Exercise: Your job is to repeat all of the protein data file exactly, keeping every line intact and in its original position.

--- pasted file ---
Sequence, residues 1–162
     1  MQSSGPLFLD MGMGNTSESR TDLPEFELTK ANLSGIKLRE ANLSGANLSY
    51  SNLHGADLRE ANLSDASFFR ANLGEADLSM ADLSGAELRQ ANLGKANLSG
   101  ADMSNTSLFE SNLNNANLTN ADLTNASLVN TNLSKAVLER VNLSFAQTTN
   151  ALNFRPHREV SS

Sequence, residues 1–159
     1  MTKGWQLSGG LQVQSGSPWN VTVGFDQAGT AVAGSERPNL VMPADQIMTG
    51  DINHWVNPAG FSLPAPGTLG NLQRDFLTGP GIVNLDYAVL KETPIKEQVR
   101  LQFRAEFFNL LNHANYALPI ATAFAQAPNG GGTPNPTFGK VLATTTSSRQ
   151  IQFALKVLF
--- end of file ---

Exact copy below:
Sequence, residues 1–162
     1  MQSSGPLFLD MGMGNTSESR TDLPEFELTK ANLSGIKLRE ANLSGANLSY
    51  SNLHGADLRE ANLSDASFFR ANLGEADLSM ADLSGAELRQ ANLGKANLSG
   101  ADMSNTSLFE SNLNNANLTN ADLTNASLVN TNLSKAVLER VNLSFAQTTN
   151  ALNFRPHREV SS

Sequence, residues 1–159
     1  MTKGWQLSGG LQVQSGSPWN VTVGFDQAGT AVAGSERPNL VMPADQIMTG
    51  DINHWVNPAG FSLPAPGTLG NLQRDFLTGP GIVNLDYAVL KETPIKEQVR
   101  LQFRAEFFNL LNHANYALPI ATAFAQAPNG GGTPNPTFGK VLATTTSSRQ
   151  IQFALKVLF